Tag Archives: Muluk

Saiful Muluk National Park

Saiful Muluk National Park

The combined Delta of the Mahanadi’s numerous distributaries and the Brahmani is one of the largest in India. The river enters the Odisha plains at Naraj, about 14 kilometres 8. Before the construction of the dam in , the Mahanadi was about a mile wide at Sambalpur and carried massive amounts of silt, especially during the monsoon.

Alpine lake

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Source and Upper Course[ edit ] Mahanadi river Mahanadi is a major river with its delta on the east coast Like many other seasonal Indian rivers, the Mahanadi too is a combination of many mountain streams and thus its precise source is impossible to pinpoint.

However its farthest headwaters lie 6 kilometres 3. For the first kilometres 62 mi of its course, the Mahanadi flows in a northerly direction and drains the Raipur district and touches eastern portions of Raipur city. Middle course[ edit ] After being joined by the Seonath, the river flows in an easterly direction through the remaining part of its journey.

It is joined by the Jonk and Hasdeo rivers here before entering into Odisha after covering about half of its total length. Near the city of Sambalpurit is dammed by the largest earthen dam in the world, the Hirakud Dam.

A composite structure of the earth, concrete and masonry, the dam measures 26 kilometres 16 mi including the Dykes. It spans two hills; the Lamdungri on the left and the Chandili Dunguri on the right. It also forms the biggest artificial lake in Asiawith a reservoir Saiful Muluk National Park square kilometres sq mi at full capacity, with a shoreline of over kilometres mi.

Before the construction of the dam inthe Mahanadi was about a mile wide at Sambalpur and carried massive amounts of silt, especially during the monsoon. Today, it is a rather tame river after the construction of the dam and is joined by the Ib, Ong, Tel and other minor streams. It then skirts the boundaries of the Baudh district and forces a tortuous way between ridges and ledges in a series of rapids until it reaches Dholpur, Odisha.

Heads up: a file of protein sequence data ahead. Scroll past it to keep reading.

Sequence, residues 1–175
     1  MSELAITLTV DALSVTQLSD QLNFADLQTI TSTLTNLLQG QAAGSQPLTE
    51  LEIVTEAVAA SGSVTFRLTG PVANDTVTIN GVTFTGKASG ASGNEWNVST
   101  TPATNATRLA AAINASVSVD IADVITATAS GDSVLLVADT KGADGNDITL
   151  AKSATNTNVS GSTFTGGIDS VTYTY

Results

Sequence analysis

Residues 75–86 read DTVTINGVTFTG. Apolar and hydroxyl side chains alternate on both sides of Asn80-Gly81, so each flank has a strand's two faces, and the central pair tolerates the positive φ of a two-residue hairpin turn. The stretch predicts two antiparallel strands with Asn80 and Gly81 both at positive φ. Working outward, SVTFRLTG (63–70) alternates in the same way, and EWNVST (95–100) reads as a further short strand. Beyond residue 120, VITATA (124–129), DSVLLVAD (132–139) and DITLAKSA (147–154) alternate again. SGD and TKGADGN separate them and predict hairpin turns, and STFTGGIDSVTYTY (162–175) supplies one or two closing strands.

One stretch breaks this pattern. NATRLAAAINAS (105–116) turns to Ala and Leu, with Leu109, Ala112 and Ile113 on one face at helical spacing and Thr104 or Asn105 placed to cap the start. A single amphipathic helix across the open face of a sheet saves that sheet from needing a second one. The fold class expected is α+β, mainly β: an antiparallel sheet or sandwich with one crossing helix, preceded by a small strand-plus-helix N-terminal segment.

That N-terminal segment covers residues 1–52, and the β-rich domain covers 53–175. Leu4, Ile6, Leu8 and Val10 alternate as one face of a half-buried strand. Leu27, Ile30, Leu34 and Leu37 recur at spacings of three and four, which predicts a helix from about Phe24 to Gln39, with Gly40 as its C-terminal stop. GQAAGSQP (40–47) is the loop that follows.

The rapids end here and the river rolls towards the Eastern Ghatsforcing its way through them via the 64 kilometres 40 mi long Satkosia Gorge. The Satakosia Gorge ends at Badamul of Nayagarh. Dense forests cover the hills flanking the river here. The river enters the Odisha plains at Naraj, about 14 kilometres 8. A barrage has been constructed here to regulate the river’s flow into Cuttack. The river traverses Saiful Muluk National Park district in Glacier National Park To Great Falls Mt east—west direction.

Just before entering Cuttack, it gives off a large distributary called the Kathjori. The city of Cuttack stands on the spit separating the two channels. The Kathjori then throws off many streams like the KuakhaiDevi and Surua which fall into the Bay of Bengal after entering Puri district. The Glacier National Park To Great Falls Mt itself falls into the sea as the Jotdar.

The Mahanadi proper enters the sea via several channels near Paradeep at False PointJagatsinghpur. The combined Delta of the Mahanadi’s numerous distributaries and the Brahmani is one of the largest in India.

However numerous barrages apart from the Hirakud have put an end to that. Today, boats are restricted to the delta region and the Hirakud reservoir. Trade and agriculture[ edit ] Mahanadi River The Mahanadi is an important river in the state of Odisha. The cities of Cuttack and Sambalpur were prominent trading places in the ancient world and the river itself has been referred to as the Manada in Ptolemy’s works. Out of this, Present use of surface water in the basin is Live storage capacity in the basin has increased significantly since independence.

From just about 0. In addition, a substantial storage quantity of over 5. Additional storage to the tune of over The Mahanadi was notorious for its devastating floods for much of recorded history. Thus it was…

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From just about 0. Today, boats are restricted to the delta region and the Hirakud reservoir. Dense forests cover the hills flanking the river here. For the first kilometres 62 mi of its course, the Mahanadi flows in a northerly direction and drains the Raipur district and touches eastern portions of Raipur city.